Satisfaction With Pain After Spine Surgery: What Residual Pain Level Do Spine Surgery Patients Find Acceptable?
Patient satisfaction will continue to become an important metric in healthcare
Commentary by Tamas F. Fekete, MD —Brian Etier, MD — Anne F. Mannion, PhD
The acceptable pain level after surgery for disc herniation is ≤2 and for other degenerative pathologies is ≤3 on a 10-point scale, according to findings from a cross-sectional study involving nearly 7,000 patients. The findings suggest that achievement of an acceptable level of pain may be a better target for denoting surgical success among patients undergoing surgery for painful degenerative lumbar disorders than more complex health-related quality of life measures, the study authors wrote in the April issue of The Spine Journal.
“Our study shows that a simple measure, like pain intensity on 0-10 scale, can indicate whether patients are happy with the results [of lumbar spine surgery],” said lead author Tamas F. Fekete, MD, Consultant Spine Surgeon, Spine Center, Schulthess Klinik, Zurich, Switzerland.
“Studies in days gone by used pain scales only, but for various reasons over the years a more complex assessment of health-related quality of life has become popular,” Dr. Fekete explained. “This has led to an ever increasing rise of the administrative burden for both patients and medical professionals (filling in and analyzing long and often multiple questionnaires). Most degenerative disorders of the spine cause pain primarily. Hence, it makes sense to (re)focus on this aspect of patient-reported outcomes measures,” Dr. Fekete said.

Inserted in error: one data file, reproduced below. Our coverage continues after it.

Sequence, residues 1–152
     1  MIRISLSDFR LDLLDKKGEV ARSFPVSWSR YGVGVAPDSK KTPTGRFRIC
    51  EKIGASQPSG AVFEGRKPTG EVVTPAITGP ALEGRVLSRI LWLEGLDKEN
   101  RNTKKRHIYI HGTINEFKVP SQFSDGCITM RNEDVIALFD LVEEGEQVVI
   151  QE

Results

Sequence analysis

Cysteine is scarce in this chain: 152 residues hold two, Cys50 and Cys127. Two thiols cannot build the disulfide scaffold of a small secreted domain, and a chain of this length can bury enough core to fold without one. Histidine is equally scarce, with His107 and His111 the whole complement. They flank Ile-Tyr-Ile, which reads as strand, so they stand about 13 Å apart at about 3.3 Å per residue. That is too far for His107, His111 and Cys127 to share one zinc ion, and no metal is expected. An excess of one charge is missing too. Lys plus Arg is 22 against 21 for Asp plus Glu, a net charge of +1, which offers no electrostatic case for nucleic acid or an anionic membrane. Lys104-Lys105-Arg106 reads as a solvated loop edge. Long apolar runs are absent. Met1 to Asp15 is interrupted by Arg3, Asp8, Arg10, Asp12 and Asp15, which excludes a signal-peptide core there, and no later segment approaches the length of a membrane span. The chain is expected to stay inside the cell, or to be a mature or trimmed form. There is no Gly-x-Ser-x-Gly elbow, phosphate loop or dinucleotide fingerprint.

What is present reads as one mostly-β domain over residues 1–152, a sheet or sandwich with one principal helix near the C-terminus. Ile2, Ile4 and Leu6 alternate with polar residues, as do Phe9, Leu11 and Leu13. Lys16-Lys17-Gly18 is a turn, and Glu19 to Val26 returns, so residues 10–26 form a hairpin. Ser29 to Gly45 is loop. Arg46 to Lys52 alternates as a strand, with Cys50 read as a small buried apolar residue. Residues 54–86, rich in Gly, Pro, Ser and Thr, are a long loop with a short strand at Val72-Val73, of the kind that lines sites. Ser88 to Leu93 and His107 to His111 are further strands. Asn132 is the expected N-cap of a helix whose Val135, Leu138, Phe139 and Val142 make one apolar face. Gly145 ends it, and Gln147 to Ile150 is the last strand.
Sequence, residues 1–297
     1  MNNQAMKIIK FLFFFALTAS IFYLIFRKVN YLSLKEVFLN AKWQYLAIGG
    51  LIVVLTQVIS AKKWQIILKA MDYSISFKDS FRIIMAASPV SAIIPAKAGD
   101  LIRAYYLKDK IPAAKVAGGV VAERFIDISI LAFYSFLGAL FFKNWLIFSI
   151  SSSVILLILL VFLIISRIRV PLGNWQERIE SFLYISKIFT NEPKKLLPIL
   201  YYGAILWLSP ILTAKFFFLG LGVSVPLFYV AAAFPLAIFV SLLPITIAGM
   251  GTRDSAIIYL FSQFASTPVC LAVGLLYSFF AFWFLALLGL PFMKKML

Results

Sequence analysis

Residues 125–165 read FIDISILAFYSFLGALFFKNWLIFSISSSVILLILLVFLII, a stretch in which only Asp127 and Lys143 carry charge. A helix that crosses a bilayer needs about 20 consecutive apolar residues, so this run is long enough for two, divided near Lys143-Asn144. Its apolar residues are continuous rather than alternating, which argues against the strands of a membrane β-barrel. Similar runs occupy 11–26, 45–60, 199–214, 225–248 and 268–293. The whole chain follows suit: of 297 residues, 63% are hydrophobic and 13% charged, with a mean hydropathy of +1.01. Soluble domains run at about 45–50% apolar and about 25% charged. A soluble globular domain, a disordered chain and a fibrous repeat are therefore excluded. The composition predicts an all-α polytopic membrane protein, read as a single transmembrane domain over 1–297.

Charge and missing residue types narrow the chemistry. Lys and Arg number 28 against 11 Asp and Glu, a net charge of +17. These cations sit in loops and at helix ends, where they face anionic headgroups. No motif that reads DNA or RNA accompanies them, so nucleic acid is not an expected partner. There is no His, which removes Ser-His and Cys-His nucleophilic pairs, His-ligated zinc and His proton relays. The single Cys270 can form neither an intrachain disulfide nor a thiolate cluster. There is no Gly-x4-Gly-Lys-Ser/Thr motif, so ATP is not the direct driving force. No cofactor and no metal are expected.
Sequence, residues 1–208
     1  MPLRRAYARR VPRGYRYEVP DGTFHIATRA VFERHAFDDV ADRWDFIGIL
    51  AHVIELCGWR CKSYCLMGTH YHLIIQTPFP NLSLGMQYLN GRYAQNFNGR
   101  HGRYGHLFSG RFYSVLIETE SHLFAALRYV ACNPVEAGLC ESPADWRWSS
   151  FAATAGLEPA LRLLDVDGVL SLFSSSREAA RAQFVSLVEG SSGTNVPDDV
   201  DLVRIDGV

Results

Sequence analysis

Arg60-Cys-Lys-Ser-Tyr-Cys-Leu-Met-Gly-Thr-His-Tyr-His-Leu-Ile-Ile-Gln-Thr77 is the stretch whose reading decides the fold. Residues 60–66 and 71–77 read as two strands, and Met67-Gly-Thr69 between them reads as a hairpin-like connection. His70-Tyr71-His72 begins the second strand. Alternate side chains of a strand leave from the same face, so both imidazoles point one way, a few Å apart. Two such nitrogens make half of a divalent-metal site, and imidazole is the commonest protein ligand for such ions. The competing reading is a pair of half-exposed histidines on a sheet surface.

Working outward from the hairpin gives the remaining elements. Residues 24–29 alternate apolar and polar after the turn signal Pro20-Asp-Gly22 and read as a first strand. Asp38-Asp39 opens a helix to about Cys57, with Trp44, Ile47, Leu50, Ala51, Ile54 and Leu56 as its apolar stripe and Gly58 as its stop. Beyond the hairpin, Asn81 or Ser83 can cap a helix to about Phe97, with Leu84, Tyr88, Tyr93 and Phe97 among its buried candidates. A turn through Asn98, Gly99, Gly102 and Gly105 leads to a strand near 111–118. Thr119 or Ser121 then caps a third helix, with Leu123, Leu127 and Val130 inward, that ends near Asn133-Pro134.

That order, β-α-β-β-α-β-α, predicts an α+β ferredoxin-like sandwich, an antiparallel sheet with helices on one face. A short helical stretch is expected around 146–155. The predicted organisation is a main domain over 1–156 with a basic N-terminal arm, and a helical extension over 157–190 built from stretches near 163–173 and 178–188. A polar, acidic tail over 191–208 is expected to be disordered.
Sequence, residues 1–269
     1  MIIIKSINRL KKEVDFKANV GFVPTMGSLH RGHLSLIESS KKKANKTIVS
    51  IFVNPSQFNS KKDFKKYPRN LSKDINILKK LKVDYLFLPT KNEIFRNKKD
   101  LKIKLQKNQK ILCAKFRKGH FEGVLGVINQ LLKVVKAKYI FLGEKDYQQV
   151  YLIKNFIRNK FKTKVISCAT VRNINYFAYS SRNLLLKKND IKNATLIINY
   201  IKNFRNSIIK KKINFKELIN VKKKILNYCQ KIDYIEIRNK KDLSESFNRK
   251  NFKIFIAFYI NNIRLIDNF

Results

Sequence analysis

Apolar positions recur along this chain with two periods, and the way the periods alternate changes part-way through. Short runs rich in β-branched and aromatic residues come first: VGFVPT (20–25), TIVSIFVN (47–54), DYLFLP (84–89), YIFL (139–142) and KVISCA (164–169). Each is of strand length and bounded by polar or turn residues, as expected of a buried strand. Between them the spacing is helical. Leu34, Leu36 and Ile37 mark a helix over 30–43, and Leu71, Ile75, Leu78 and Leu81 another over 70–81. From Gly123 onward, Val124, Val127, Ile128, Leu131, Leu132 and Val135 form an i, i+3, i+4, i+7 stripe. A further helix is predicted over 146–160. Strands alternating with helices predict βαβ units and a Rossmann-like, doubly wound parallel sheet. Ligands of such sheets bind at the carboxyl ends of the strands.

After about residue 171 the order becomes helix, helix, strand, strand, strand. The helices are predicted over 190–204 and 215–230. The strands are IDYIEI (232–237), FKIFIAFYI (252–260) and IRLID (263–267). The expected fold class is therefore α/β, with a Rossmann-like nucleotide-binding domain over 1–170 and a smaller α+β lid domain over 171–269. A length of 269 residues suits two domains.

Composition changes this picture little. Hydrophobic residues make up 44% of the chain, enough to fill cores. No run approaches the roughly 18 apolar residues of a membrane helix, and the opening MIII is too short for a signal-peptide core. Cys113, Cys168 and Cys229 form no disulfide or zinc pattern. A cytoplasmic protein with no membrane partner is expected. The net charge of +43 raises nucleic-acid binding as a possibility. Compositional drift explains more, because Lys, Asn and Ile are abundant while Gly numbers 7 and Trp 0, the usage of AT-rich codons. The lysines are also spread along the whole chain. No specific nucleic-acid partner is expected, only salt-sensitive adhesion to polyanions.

“Fekete et al have tried to quantify the acceptable level of pain following lumbar spine surgery in a large cross sectional study,” commented Brian Etier, MD, lead author of another recently published study on patient satisfaction scores in spinal surgery, as discussed below.
“The authors concluded that most spine interventions decrease pain, and a pain level goal can be set at 2 or 3 depending on the procedure,” said Dr. Etier. “The clinical implications of this study are helpful in guiding surgeons and patients on surgical expectations. Furthermore, subsequent research can use the ‘acceptable symptom state’ to denote a successful outcome following surgery.”
Findings Based on 12-Month Postoperative Data
The study is based on 12-month postoperative data from patients who underwent surgery for degenerative disorders of the lumbar spine. Patients completed the Core Outcome Measures Index (COMI) questionnaire that contains, among other items, two graphic rating scales (0-10) for back pain and leg pain (the higher score was used in the analysis) and the following question concerning the acceptability of symptoms: “If you had to spend the rest of your life with the symptoms you have now, how would you feel about it?” The question was answered on a 5-point Likert scale from “very satisfied” to “very dissatisfied,” and the top two categories (somewhat/very satisfied) were considered an acceptable state.
Nearly Half of Patients Somewhat Satisfied With Symptom State
At 12 months, 47% of the 6,248/6,943 patients (90%) completed the questionnaire. Of these, 47% reported being at least somewhat satisfied with their symptom state, ranging from 44% among patients with degenerative deformity to 53% among patients with degenerative spondylolisthesis.